At ThePrint, we invest in quality journalists. We pay them fairly and on time even in this difficult period. As you may have noticed, we do not flinch from spending whatever it takes to make sure our reporters reach where the story is. Our stellar coronavirus coverage is a good example. You can check some of it here.

This comes with a sizable cost. For us to continue bringing quality journalism, we need readers like you to pay for it. Because the advertising market is broken too.

If you think we deserve your support, do join us in this endeavour to strengthen fair, free, courageous, and questioning journalism, please click on the link below. Your support will define our journalism, and ThePrint’s future. It will take just a few seconds of your time.

Support Our Journalism

25 Comments Share Your Views


  1. India Kolkata However, new satellite imagery accessed by ThePrint from 10 December 2017 shows that the Chinese side is now well entrenched in the area, with heavy road-building machinery still present close to the stand-off point.

  2. We should build up our army centre and create our arms buildup. If we consider chinese and paki there steps need to be confronted with aggression . Do not worry about war or even atomic or chemical or biological, you cannot live in peace when your neighbour is restless. So we should exercise our expansion in that region in same or duble length what neighbour displays.

  3. What we need urgently is a short term, medium term and a long term policy that is clear and precise targeting both Pakistan and China.

  4. China should immediately entice India to an extensive arms race to bankrupt India just like what Americans did to USSR. India GDP is 1/5 of China and Foreign Reserves is 1/8 of China.
    China has indigenous arms industry and capabilities which can build arms at 1/ 2 of the cost of India’s expensive foreign purchases.
    China also can maintain its own fleet as compared to India’s huge after sale maintenance bill.

  5. India doesn’t wants learn from 1962 war.Even now India is neither serious nor capable to match China,s might. Over & above our whole govt,s machinery is completely forgot with corruption. The situation is almost same when East India company came to India, our own people helped Britishers to control whole of Indian states. Indian freedom cycle is almost going to be over, now indian corrupt Politicians started to invite the foreign countries to invade India. Our IAS & IPS govt machinery has failed the Nation.There is no patriotism in our DNA. Hence be prepared to be ruled by foreign powers.

  6. This entire para abt OP is so amateur. “There is a very tall observation tower, at least two storeys high (two storeys are very high? I thought min. of 50ft would qualify for High!), constructed with cement concrete less than 10 metres from the most forward trench occupied by the Indian Army. The elevation profile of this tower suggests that it can observe the entire Gnathang Valley from Kupup to Zuluk. The entire movement of the Indian Army beyond Kupup can also be very clearly observed by the PLA.”..

    Col sir you know MI can do much better than that. The OP has a high mountain slope on its West gradually going down on its East. Looking into india, they can see north face of nathang ridge at a maximum which too is purely because of this geographical set up. to claim views of kurup and beyond, is too hypothetical.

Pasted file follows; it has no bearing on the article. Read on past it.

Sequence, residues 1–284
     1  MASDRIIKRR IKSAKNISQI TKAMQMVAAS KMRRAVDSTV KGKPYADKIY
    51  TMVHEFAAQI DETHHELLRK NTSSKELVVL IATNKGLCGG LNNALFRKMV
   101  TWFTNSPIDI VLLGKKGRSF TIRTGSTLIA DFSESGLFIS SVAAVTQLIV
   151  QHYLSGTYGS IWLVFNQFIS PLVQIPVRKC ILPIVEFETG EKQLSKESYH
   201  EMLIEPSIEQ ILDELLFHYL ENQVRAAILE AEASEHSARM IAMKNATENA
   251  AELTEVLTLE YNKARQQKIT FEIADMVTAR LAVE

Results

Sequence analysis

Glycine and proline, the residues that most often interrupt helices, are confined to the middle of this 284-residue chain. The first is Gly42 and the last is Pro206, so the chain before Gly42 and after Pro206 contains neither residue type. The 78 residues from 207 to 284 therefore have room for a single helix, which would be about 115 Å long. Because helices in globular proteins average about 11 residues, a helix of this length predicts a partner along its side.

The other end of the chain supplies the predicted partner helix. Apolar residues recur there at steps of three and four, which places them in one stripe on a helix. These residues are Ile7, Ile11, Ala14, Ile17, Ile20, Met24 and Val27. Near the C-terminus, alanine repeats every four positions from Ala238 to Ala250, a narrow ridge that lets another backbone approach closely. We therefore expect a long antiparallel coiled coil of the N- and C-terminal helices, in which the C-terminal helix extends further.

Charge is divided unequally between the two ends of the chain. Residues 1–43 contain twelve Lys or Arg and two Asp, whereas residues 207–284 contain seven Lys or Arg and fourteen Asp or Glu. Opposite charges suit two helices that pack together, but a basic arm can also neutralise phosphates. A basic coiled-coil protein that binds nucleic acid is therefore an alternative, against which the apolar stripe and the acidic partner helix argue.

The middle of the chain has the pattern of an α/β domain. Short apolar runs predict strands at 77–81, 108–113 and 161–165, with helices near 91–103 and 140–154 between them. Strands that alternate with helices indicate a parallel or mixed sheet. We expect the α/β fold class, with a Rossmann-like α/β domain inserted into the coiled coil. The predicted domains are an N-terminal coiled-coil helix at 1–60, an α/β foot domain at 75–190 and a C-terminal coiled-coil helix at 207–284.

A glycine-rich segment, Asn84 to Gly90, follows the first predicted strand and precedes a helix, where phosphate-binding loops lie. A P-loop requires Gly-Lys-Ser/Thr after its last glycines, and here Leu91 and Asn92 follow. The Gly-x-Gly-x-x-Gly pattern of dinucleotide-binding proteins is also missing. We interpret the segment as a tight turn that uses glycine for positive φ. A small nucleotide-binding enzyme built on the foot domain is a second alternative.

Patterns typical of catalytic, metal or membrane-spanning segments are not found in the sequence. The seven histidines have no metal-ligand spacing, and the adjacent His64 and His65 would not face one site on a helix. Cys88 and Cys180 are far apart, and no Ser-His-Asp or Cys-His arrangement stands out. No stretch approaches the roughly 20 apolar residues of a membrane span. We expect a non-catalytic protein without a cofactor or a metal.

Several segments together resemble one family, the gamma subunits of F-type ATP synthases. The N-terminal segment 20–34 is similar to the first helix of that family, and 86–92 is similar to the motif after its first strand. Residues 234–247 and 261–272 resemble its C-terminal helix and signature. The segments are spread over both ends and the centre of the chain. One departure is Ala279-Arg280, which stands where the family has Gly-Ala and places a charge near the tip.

7. The Cold War in Asia:
    The spread of Communism to mainland China in 1949 initiated ‘The Cold War in Asia’. India was alarmed during 1948-49 when Communist Leader Mao Zedong openly disclosed his Expansionist doctrine. Tibet Equilibrium is the key to hold Balance of Power in Asia. Tibet is the third largest country in Asia following China, and India in terms of size. American fantasy of befriending Communist China to balance power in Europe has become our nightmare.

  8. Image of PLA occupied area now n also two three year back,shown simultaneously clears the real picture.Also It’s not only PLA’s deployment but also Indian deployment at the area will show the real picture n also then only the news can be considered complete /unbiased news…

  9. You can’t expect anything else from the vile and cunning Chinese especially when they have money and muscle both in abundance.

  10. Surprised to see there is no snow even at the peak of winter! Chinese Dragon will continue to nibble away Indian territory slowly. Aksai Chin was lost in late ’50s. Difference now is we have surveillance and know immediately. Then we came to know much again the road was completed and large area annexed.

  11. […] செயற்கை கோள் படங்களை ஆராய்ந்து இது குறித்து கூறியவர் முன்னாள் ராணுவ கர்னல் விநாயக். லிங்க் […]

  12. Resisting China’s expansion is a responsibility of every democratic state.

    Allied countries, like US, Japan, Australia, India and other smaller states that are becoming prey of China must help each other and coordinate their efforts militarily, politically and economicaly.

  13. The Chinese r relentless especially when they perceive weakness in others. The Indians, to a certain extent, at least, tries to run away from reality: the pious hope harbored by some that, come winter, the Chinese would withdraw, bears this out.A firm resolve and a stout spine must be displayed now.

    • didn’t you realized that just an excuse by India government for retreat from being defeating? what firm resolve do you expect they can diplay?? LOL. if they can now, they won’t retreat at first place!!


Please enter your comment!
Please enter your name here